The simplest way to do white balance is just multiplying the linear raw data with some scalars. After that, demosaic and apply the matrix to convert from linear raw to linear RGB. Note that Adobe's matrices already contain a white balancing component and must be decomposed (at least that's how dcraw does it).

However, proper white balance is a bit more complex, but that's another can of worms:

http://web.stanford.edu/~sujason/ColorBalancing/adaptation.html
http://www.brucelindbloom.com/Eqn_ChromAdapt.html
http://www.brucelindbloom.com/Eqn_RGB_XYZ_Matrix.html
http://ninedegreesbelow.com/photography/xyz-rgb.html

Ilia3101

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Re: Reading 14 bit RAW
« Reply #14 on: April 30, 2017, 12:03:02 PM »
Ok, thanks for clearing up my own understanding/confusion, its weird how it works but good to know.

Yeah, I noticed AMaZE worked better when white balance was done before debayering.

I think I'll stick to simple white balance with multiplication for the time being :)

Digital images need to be white balanced, yet in the real world eyes do it for us.
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g3gg0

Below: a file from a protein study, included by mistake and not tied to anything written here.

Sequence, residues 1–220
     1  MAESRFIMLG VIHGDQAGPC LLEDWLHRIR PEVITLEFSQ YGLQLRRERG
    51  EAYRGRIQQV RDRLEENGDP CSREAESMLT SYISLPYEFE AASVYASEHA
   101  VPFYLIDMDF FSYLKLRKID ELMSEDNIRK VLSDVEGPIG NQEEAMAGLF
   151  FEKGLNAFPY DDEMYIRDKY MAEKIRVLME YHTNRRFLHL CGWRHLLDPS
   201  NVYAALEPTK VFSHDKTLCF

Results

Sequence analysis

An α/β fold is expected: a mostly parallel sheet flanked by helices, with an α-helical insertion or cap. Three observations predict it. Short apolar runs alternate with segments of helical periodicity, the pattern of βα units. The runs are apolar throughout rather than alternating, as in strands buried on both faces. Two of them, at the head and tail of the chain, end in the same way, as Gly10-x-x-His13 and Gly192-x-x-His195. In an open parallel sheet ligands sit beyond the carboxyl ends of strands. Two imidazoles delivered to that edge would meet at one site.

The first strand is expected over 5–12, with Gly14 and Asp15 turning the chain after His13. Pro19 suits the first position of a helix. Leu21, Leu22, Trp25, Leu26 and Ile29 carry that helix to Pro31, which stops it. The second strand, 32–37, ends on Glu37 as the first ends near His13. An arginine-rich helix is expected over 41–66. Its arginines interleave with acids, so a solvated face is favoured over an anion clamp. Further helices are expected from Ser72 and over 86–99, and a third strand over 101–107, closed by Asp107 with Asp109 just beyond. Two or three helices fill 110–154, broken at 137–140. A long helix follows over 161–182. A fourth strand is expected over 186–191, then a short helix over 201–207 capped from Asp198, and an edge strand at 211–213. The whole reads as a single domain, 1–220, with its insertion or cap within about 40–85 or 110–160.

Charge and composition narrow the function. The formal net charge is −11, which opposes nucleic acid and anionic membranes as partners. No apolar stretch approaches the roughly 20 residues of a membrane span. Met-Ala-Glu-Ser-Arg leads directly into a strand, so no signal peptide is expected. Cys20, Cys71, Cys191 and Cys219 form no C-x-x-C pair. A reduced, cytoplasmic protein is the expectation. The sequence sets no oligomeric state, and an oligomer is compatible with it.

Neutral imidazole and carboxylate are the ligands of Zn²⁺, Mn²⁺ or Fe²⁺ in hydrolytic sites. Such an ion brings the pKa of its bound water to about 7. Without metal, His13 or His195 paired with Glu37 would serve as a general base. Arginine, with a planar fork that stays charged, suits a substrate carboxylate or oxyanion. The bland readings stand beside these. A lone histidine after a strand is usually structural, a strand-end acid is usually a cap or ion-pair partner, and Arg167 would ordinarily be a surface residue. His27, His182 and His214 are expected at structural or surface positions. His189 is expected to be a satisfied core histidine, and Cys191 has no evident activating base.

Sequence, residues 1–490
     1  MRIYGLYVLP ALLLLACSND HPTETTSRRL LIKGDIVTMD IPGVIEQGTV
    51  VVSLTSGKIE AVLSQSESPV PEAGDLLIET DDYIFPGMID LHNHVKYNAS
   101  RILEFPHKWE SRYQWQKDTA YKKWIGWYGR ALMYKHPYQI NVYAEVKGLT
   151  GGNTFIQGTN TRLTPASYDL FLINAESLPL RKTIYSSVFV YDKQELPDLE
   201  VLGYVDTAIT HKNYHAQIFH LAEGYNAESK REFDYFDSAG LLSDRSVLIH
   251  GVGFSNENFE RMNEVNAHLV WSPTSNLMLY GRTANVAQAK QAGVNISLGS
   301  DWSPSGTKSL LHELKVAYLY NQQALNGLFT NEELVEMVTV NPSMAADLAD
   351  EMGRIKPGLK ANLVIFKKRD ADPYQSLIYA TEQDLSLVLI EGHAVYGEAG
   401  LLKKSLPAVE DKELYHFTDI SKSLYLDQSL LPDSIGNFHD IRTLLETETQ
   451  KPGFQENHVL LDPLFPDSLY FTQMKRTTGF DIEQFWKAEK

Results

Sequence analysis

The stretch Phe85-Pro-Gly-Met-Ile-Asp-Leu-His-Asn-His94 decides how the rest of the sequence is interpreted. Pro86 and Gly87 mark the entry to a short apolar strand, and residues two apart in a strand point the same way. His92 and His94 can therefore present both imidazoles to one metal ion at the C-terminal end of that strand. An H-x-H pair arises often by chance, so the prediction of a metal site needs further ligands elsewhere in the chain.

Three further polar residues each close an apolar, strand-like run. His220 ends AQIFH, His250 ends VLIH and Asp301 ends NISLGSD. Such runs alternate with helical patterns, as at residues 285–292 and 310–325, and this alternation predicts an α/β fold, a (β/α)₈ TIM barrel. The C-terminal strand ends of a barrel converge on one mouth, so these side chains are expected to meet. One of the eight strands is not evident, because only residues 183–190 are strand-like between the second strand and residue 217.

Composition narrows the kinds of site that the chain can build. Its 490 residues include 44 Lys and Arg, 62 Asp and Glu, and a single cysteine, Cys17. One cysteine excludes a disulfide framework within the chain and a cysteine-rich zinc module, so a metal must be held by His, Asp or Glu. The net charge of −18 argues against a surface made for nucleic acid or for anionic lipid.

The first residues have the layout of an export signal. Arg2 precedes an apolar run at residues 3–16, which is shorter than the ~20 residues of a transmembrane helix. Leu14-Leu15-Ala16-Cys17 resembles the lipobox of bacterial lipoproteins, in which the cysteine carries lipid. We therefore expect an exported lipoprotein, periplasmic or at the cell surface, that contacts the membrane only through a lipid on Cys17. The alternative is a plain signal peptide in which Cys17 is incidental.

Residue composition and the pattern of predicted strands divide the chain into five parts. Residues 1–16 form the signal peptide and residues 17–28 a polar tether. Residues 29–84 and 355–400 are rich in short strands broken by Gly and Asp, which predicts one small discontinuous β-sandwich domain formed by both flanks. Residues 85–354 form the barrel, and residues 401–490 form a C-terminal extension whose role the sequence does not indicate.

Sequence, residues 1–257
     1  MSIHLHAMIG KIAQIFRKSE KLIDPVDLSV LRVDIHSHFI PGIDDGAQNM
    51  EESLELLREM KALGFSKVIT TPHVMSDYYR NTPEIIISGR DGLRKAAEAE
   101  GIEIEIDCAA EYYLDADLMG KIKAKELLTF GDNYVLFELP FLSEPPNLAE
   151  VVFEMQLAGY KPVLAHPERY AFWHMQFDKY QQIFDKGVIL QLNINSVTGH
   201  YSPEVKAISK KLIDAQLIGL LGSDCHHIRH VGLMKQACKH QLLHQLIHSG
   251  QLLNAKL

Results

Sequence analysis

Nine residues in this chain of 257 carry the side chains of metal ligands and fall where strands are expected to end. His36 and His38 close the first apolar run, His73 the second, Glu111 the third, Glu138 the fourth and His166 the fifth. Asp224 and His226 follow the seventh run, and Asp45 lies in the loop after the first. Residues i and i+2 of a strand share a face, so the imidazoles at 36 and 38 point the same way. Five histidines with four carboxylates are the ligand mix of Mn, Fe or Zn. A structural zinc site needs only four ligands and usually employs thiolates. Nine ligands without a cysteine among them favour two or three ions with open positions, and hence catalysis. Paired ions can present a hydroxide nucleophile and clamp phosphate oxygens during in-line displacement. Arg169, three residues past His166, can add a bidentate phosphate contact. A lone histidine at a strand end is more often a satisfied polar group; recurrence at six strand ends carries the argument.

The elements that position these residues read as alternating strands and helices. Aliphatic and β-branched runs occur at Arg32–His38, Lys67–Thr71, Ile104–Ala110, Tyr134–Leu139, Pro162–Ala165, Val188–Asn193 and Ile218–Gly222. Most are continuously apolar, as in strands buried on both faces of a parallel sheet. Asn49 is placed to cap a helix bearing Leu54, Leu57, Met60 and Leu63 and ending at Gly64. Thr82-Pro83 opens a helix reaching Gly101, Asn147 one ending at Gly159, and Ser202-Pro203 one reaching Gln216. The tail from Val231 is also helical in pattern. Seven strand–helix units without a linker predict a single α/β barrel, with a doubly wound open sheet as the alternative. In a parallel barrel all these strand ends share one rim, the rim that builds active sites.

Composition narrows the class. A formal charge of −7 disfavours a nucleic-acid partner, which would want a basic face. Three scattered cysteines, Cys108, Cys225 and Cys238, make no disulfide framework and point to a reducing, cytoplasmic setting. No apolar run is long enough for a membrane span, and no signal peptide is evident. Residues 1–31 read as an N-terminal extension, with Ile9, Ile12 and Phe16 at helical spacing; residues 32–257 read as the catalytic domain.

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Re: Reading 14 bit RAW
« Reply #15 on: April 30, 2017, 02:51:30 PM »
from what i know, white balance has to be done in XYZ domain, like the comments in source say:
/* RAW --> RAW-WB --> XYZ --> Kelvin-WB --> XYZ --> (s)RGB --> RGB-WB */
CamToRgbMatrix = WhiteBalanceMatrix * RGBToXYZMatrix.Inverse() * xyzKelvinWb * XYZToCamMatrix.Inverse() * WhiteBalanceMatrixRaw;

with:
Matrix xyzKelvinWb = coneDomain.Inverse() * xyzScale * coneDomain;

which means, convert the camera image into XYZ color representation domain, then convert it into a cone domain (e.b. using bradford)
within that cone domain kelvin conversion is quite simple.
then all the way back from cone -> XYZ -> RGB

Ilia3101

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Re: Reading 14 bit RAW